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BLM concludes Tri-State Calico wild horse and burro gather

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blm_logo-300x261-4553301-9358315BLM NEWS RELEASE

WINNEMUCCAThe Bureau of Land Management (BLM) Winnemucca District concluded the Tri-State Calico Complex wild horse and burro gather on Monday, Jan. 9. The preliminary numbers for the animals gathered are 1,203 excess wild horses and 142 excess wild burros gathered from the HMAs, located northeast of Gerlach, Nev., and northwest of Winnemucca, Nev., within Humboldt and Washoe counties.  Of those gathered, some stallions and mares were released back to the range after the mares received a 22-month fertility control vaccine treatment.

“The gather was a success and significant strides have been made on the public rangelands with the removal of excess wild horse and burros,” said District Manager Gene Seidlitz. “In turn, we now have a better balance with wildlife, livestock, and wild horse and burros. During this gather, the BLM provided a transparent and safe opportunity to the American public, to take time to observe and interact with the BLM staff to gain additional insight and information about the BLM’s management of wild horses.”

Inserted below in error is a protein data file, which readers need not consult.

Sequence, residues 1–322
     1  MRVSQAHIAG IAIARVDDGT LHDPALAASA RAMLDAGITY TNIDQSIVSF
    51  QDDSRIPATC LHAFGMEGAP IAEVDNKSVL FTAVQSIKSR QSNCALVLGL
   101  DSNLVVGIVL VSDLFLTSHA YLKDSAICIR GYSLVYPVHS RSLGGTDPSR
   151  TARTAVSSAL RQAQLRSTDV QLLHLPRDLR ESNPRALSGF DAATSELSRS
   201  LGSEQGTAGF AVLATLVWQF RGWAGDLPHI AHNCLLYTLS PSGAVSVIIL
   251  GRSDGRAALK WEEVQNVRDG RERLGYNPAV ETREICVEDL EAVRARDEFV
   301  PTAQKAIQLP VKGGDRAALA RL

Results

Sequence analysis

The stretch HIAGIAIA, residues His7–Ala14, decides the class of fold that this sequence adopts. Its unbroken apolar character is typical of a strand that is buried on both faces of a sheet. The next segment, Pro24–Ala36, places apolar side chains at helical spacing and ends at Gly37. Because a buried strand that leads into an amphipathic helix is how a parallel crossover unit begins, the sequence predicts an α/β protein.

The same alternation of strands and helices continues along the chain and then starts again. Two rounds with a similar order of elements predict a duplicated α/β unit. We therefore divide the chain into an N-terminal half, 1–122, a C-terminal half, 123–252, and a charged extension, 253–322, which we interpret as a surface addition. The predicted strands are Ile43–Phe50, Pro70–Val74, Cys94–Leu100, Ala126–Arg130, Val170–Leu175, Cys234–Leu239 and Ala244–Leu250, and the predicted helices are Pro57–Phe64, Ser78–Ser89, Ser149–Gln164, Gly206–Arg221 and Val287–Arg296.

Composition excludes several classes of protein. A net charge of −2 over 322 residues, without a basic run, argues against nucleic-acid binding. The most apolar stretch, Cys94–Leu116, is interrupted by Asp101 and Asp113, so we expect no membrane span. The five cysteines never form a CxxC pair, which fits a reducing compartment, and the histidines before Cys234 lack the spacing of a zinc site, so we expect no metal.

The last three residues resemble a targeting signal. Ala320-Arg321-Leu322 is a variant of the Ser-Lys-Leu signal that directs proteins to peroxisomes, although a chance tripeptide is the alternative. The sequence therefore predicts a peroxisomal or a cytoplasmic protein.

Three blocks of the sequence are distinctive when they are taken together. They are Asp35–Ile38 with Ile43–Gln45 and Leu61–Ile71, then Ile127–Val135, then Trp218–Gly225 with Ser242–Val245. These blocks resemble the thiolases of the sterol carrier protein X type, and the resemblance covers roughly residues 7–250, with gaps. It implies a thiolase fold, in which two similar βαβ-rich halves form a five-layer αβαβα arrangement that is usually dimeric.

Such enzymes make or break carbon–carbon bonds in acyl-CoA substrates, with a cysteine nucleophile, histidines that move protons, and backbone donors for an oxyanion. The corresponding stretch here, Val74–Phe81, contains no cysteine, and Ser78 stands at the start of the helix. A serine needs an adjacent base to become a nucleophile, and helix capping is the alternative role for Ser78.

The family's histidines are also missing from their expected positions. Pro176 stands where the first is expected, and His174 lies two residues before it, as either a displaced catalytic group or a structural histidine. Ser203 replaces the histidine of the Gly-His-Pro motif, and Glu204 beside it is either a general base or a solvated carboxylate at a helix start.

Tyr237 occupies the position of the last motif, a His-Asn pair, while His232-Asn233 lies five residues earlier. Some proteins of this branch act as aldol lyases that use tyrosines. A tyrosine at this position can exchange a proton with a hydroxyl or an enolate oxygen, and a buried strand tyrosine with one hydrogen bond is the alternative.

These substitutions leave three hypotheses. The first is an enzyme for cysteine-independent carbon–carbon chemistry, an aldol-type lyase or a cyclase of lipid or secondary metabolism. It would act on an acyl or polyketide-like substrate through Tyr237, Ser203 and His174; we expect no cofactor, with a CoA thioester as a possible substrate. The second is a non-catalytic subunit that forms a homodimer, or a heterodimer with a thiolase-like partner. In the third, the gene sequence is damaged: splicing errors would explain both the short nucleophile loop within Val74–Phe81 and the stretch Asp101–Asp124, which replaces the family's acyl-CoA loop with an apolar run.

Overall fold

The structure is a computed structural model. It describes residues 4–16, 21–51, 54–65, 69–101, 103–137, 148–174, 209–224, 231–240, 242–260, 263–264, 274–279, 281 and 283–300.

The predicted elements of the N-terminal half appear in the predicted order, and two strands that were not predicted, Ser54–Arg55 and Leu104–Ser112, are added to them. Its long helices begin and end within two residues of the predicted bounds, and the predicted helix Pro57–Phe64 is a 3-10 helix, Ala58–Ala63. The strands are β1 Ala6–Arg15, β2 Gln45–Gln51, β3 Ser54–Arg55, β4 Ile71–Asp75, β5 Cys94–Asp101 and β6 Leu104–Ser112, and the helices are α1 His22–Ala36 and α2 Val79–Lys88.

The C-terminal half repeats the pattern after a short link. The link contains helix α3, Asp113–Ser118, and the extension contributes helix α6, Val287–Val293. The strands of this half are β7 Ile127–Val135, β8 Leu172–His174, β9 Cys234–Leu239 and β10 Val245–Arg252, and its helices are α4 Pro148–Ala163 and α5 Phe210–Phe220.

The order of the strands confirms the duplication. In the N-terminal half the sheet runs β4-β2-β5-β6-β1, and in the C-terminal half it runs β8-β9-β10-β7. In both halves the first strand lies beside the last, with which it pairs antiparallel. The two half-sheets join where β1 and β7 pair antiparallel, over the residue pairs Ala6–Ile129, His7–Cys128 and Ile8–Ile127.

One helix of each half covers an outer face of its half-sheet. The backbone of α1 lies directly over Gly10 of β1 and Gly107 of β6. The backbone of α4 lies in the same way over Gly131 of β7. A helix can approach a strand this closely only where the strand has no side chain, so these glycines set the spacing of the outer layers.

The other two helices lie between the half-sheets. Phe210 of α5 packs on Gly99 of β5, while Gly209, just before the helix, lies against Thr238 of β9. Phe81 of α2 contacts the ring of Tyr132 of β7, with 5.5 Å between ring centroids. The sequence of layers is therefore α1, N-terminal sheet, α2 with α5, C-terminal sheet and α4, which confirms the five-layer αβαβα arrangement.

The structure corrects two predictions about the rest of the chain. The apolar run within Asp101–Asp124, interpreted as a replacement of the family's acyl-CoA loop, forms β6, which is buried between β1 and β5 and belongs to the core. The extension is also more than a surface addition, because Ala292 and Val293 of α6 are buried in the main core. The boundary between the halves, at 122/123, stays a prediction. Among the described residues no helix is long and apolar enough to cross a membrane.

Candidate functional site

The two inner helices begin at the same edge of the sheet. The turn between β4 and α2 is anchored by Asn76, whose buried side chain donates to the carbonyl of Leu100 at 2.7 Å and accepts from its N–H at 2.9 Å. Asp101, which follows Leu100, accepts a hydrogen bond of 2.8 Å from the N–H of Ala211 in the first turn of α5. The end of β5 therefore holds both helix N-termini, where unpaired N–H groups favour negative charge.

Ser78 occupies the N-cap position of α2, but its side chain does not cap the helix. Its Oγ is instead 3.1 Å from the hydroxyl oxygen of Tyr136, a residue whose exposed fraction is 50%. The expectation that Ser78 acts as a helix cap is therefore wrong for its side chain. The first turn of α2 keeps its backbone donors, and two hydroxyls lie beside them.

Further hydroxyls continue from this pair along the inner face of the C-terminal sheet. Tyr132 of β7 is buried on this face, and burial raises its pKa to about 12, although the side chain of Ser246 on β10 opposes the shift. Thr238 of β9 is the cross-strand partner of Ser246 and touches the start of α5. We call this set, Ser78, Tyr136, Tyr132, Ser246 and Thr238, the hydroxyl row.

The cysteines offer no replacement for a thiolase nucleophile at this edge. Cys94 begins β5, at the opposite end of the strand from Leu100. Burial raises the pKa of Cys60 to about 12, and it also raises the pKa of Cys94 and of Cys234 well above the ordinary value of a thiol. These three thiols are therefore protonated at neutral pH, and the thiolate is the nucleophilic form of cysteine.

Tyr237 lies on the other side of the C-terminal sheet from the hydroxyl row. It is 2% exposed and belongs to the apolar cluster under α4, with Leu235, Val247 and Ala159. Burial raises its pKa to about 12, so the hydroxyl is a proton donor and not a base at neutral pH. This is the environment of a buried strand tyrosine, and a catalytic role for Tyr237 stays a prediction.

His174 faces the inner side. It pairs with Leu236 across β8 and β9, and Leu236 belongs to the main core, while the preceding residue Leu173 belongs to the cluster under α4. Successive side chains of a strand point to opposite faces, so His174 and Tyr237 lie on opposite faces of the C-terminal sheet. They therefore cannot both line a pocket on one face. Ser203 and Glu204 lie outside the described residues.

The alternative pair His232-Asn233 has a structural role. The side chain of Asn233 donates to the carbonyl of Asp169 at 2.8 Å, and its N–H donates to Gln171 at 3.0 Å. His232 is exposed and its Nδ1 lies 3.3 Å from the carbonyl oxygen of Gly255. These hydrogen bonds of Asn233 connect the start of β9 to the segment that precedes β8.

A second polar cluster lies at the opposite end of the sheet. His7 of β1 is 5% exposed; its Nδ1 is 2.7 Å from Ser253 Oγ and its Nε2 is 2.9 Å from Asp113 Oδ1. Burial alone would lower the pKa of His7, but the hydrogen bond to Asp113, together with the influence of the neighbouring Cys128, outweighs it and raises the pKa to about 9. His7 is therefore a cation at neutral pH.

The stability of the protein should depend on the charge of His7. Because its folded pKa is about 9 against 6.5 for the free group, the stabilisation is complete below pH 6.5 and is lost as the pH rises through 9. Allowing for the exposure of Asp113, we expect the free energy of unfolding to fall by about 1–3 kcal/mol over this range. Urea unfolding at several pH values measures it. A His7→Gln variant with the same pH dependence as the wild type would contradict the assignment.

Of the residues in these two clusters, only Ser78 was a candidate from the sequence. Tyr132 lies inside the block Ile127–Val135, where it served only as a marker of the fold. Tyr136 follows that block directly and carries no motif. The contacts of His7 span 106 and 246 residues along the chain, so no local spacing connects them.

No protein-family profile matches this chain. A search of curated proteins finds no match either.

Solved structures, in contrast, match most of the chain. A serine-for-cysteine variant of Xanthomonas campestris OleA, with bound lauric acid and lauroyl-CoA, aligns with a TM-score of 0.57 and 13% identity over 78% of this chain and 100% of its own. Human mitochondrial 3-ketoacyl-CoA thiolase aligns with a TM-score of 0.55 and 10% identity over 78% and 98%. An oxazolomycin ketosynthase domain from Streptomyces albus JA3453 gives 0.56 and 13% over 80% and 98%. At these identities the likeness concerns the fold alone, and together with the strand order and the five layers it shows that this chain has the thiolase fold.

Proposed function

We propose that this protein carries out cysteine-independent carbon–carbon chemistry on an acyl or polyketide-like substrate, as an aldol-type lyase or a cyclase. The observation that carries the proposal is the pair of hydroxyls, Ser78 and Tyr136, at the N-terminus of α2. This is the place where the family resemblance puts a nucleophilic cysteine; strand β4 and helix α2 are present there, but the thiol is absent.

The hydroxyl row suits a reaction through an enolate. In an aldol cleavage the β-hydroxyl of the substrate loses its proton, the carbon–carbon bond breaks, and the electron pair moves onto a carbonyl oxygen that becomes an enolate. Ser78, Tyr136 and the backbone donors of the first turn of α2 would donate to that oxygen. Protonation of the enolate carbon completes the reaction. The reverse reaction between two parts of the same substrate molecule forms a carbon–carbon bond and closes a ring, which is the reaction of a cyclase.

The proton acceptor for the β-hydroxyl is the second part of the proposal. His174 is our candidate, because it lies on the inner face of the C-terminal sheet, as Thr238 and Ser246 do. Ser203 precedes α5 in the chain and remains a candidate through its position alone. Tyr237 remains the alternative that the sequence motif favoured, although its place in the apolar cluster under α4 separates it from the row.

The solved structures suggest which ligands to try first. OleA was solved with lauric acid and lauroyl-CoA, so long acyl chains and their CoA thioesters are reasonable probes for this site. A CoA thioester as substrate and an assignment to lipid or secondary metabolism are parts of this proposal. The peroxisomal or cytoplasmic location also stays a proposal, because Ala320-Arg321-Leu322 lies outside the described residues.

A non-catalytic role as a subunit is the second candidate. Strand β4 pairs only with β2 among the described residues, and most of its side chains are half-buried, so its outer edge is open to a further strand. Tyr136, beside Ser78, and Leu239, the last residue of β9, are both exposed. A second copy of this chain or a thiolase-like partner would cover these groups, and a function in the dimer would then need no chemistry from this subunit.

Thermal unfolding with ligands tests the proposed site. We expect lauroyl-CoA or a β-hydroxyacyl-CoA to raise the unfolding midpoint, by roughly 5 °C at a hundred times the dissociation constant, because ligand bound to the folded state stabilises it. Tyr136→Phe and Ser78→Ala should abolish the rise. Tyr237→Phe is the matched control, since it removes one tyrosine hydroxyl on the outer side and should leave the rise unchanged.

The gather started on Nov. 19. The gathered wild horses have been transported to the Palomino Valley Center near Reno, Nev., and the majority of wild burros were transported to Broken Arrow/Indian Lakes Facility at Fallon, Nev., where they will be prepared for the BLM adoption program. Un-adopted horses will be placed in long-term pastures where they will be humanly cared for and retain their “wild” status and protection under the 1971 Wild Free-Roaming Horses and Burros Act. The BLM does not sell or send any horses to slaughter.

The Complex consisted of approximately 584,000 acres (public and private) but the gather area consisted of approximately 1,041,000 acres to encompass wild horses and burros residing outside of the HMAs. The Complex included the following HMAs: Black Rock Range East, Black Rock Range West, Calico Mountains, Granite Range, Warm Springs Canyon, and McGee Mountain.

Removing the excess wild horses and wild burros will help to achieve and maintain a thriving natural ecological balance and multiple-use relationship as required under the 1971 Wild Free-Roaming Horses and Burros Act, and Federal Land Policy and Management Act of 1976, as well as help to achieve and maintain healthy wild horse and burro populations.

For more information, contact Lisa Ross, BLM Winnemucca District public affairs specialist, at 775-304-8850 or [email protected].

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